A team of Chinese researchers examined the influence of corn processing techniques on pig growth and development in a series of experiments. They published their results in the journal of Animal Feed Science and Technology.
“This study was conducted to test the hypothesis that the DE [digestible energy] and ME [metabolizable energy] as well as the apparent ileal (AID) and standardized ileal (SID) digestibility of organic-acid preserved corn is greater than heat-dried corn,” said the researchers. “The second hypothesis was that pigs fed diets containing organic-acid treated corn will have improved performance compared with pigs fed diets containing heat-dried corn.”
When used in swine feed, the group found that there was a notable difference between the preservation method used, they said.
“Feeding organic-acid treated corn significantly increased average daily feed intake by 12.5% (604 vs. 539 g/day) compared with heat-dried corn,” said the researchers in the study. “In conclusion, the available energy content of organic-acid treated corn was greater than heat-dried corn, and organic-acid treated corn improved weanling pig performance.”
Corn is an often used ingredient in swine diets, said the researchers. However corn quality and corn mold are known to impact pig performance.
Corn preservation methods are being developed to improve corn utilization, they said. Drying is a common method used, but requires higher energy input and alternative methods would be beneficial.
Previous research has established that some organic acids like formic acid and propionic acid can prevent mold development, and improve performance, they said. And, as a feed additive the treatment may support intestinal health.
However, there is little information about how spraying organic acids onto feed during process influences intestinal health, they said. The group sought to establish more information on the ileal digestibility of organic-acid preserved corn.
The team conducted three experiments to establish the digestible and metabolizable energy levels and the apparent (AID) and standardized ileal digestibility (SID) of amino acids for corn that had been heat dried or preserved with organic acid.
Additionally, they processed the corn and stored both the heat-treated corn and organic-acid persevered corn in the same location for seven months prior to using it, they said.
In the first experiment, 12 pigs were split into two groups and given a diet including either 970g/kg organic-acid treated corn or heat-dried corn to establish the DE and ME levels in the differently treated corn.
Pigs had a seven-day adaption period and a five-day feeding trial, they said. Feed intake, refusals and spillage were recorded and fecal matter and urine were collected.
In the second experiment, 18 barrows were fitted with t-cannula and given one of three experimental diets, said the researchers. Two of the diets featured the heat-treated or organic-acid treated corn, and the third was nitrogen-free and used to measure losses of crude protein (CP) and amino acids (AA)
Pigs again had a seven-day acclimation period and a five-day feeding test, they said. After the trial period, ileal digesta was collected.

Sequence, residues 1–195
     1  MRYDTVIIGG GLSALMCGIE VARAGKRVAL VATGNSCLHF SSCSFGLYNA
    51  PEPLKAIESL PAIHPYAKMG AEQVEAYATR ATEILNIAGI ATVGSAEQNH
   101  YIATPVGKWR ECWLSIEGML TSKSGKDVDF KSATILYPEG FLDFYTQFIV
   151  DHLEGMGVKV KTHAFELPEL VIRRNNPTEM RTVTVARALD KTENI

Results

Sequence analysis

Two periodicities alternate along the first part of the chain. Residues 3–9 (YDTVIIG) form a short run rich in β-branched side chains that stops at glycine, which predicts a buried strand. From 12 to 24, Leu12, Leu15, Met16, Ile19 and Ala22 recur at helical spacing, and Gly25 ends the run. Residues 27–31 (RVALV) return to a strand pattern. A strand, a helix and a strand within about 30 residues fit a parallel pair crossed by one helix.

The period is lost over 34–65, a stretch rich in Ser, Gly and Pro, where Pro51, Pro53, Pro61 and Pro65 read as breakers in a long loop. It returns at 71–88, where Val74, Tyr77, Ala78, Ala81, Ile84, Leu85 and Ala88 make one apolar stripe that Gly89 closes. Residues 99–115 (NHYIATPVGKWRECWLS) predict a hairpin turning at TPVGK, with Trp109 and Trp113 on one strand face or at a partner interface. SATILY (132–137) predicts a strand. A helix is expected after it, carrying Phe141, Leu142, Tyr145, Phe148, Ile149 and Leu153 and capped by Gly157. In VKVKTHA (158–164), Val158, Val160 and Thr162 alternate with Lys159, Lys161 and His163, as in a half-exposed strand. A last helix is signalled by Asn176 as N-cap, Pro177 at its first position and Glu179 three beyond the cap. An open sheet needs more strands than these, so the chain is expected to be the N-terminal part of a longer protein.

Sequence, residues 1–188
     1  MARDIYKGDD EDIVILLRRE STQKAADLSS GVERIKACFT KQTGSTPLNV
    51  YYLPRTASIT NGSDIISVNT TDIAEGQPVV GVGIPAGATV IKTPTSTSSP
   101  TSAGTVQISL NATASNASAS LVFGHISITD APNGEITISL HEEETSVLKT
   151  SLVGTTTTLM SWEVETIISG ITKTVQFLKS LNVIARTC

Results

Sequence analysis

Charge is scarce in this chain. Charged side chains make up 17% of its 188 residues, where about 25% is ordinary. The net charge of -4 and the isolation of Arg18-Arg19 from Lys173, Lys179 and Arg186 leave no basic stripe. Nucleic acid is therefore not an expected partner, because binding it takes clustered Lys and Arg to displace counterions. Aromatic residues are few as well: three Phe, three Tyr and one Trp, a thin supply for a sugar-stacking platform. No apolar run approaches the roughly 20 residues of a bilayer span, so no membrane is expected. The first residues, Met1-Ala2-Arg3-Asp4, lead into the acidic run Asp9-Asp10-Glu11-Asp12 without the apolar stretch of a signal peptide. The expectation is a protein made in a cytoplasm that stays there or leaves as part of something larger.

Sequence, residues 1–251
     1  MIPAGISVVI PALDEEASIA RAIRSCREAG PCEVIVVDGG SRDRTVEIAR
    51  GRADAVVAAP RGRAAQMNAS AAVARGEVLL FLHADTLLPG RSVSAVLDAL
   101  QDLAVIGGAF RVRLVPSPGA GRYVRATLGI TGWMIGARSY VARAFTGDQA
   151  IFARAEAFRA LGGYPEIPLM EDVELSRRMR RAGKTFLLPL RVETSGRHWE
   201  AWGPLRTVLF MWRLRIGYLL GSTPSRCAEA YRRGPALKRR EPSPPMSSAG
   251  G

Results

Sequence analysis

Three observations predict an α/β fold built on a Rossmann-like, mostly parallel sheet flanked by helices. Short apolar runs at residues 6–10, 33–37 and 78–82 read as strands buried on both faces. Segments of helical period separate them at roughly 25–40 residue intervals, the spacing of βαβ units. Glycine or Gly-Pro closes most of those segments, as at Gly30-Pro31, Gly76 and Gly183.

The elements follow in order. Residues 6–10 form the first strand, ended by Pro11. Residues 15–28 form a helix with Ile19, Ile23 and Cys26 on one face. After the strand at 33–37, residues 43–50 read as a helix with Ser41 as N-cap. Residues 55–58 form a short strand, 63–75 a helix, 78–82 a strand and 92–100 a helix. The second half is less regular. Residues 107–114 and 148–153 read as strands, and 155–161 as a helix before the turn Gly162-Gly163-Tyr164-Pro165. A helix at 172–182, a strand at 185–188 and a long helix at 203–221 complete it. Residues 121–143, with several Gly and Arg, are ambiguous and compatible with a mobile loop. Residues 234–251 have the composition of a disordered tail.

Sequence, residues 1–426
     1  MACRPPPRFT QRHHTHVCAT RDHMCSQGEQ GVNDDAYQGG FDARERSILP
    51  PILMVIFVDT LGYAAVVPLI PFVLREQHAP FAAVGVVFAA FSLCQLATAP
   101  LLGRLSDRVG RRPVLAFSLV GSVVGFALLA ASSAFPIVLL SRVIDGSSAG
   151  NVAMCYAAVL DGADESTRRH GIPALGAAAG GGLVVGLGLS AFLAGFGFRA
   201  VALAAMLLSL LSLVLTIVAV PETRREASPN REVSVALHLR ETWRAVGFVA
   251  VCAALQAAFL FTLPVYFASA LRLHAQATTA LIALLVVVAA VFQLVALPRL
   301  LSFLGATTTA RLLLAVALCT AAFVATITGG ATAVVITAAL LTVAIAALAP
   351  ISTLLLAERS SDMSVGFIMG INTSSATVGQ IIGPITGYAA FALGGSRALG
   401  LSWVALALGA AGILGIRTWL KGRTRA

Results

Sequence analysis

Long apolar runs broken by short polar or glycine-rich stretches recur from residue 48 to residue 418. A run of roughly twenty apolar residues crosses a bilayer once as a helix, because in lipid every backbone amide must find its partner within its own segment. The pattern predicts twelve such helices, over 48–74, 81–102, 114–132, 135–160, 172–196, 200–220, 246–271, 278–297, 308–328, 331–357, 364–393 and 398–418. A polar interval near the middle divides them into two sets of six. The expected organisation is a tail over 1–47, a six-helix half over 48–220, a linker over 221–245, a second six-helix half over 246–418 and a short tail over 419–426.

In the final experiment, 60 post-weaning piglets were given one of two diets for a period of four weeks, said the researchers.
Piglets were weighed at the beginning and end of the experiment and checked daily for diarrhea, they said. Average daily gain, average daily feed intake and the gain to feed ratio were calculated and fecal samples were collected.
Corn, diets, fecal samples and digesta were analyzed for ether extract, Kjeldahl N, dry matter, starch, ash, calcium, phosphorus, amino acids and neutral detergent fiber (NDF) and acid detergent fiber (ADF) concentrations were established along with gross intake energy (GE), they said. Corn samples also were checked for mycotoxins.
Chemical analysis of the corn found that the two types had similar compositions, said the researchers. Soluble sugars were higher for treated corn and resistant starch concentrations were larger in the heat-dried corn.
Levels of deoxynivalenol were found in both samples and were higher in the organic-acid treated corn, they said. “There were no differences in the ATTD [apparent total tract digestibility] of GE, DM, or nutrients between the 2 sources of corn,” they added.
For the first experiment, the organic-acid treated corn had higher amounts of DE and ME at 16.6 MJ/kg and 16.3 MJ/kg than the heat treated corn, said the researchers. Heat-treated corn had 16.4 MJ/kg for DE and 15.9 MJ/kg for ME.
The second experiment found no major differences in the AID or SID of crude protein and amino acids in the two different corn diets, said the researchers.
For the last experiment, piglets had improved daily gain and higher daily intake if they received corn preserved with organic acid, they said. “The diarrhea index in piglets did not differ between pigs fed heat-dried corn and organic-acid treated corn,” they added.
“The performance of weanling piglets fed diets containing organic-acid treated corn was improved compared with piglets fed diets containing heat-dried corn most probably due to the higher feed intake for pigs fed the organic-acid treated corn,” they said. “Therefore, treatment of high moisture corn with organic acids may be an attractive alternative to the traditional heat treatment of corn.”
Source: Animal Feed Science and Technology
Title: A comparison of the nutritional value of organic-acid preserved corn and heat-dried corn for pigs
Authors: X. Xu, H.L. Wang, P. Li, Z.K. Zeng, Q.Y. Tian, X.S. Piao, E.Y.W. Kuang